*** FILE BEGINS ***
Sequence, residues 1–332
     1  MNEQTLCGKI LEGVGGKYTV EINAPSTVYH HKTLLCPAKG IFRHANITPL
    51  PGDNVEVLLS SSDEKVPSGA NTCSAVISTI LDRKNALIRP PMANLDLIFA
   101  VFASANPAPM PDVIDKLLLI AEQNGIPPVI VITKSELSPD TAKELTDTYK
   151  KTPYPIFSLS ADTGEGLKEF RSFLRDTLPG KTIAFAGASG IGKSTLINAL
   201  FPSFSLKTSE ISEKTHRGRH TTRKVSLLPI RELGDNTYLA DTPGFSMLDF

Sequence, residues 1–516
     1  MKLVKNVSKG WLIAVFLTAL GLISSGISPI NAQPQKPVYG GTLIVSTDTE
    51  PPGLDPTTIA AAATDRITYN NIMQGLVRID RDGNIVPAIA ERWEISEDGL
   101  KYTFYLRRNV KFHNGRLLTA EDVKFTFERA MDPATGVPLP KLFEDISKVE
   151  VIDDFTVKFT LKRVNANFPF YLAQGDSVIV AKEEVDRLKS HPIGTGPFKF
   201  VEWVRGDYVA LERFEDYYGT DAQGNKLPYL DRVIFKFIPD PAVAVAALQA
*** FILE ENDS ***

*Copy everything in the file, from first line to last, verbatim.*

Sequence, residues 1–332
     1  MNEQTLCGKI LEGVGGKYTV EINAPSTVYH HKTLLCPAKG IFRHANITPL
    51  PGDNVEVLLS SSDEKVPSGA NTCSAVISTI LDRKNALIRP PMANLDLIFA
   101  VFASANPAPM PDVIDKLLLI AEQNGIPPVI VITKSELSPD TAKELTDTYK
   151  KTPYPIFSLS ADTGEGLKEF RSFLRDTLPG KTIAFAGASG IGKSTLINAL
   201  FPSFSLKTSE ISEKTHRGRH TTRKVSLLPI RELGDNTYLA DTPGFSMLDF

Sequence, residues 1–516
     1  MKLVKNVSKG WLIAVFLTAL GLISSGISPI NAQPQKPVYG GTLIVSTDTE
    51  PPGLDPTTIA AAATDRITYN NIMQGLVRID RDGNIVPAIA ERWEISEDGL
   101  KYTFYLRRNV KFHNGRLLTA EDVKFTFERA MDPATGVPLP KLFEDISKVE
   151  VIDDFTVKFT LKRVNANFPF YLAQGDSVIV AKEEVDRLKS HPIGTGPFKF
   201  VEWVRGDYVA LERFEDYYGT DAQGNKLPYL DRVIFKFIPD PAVAVAALQA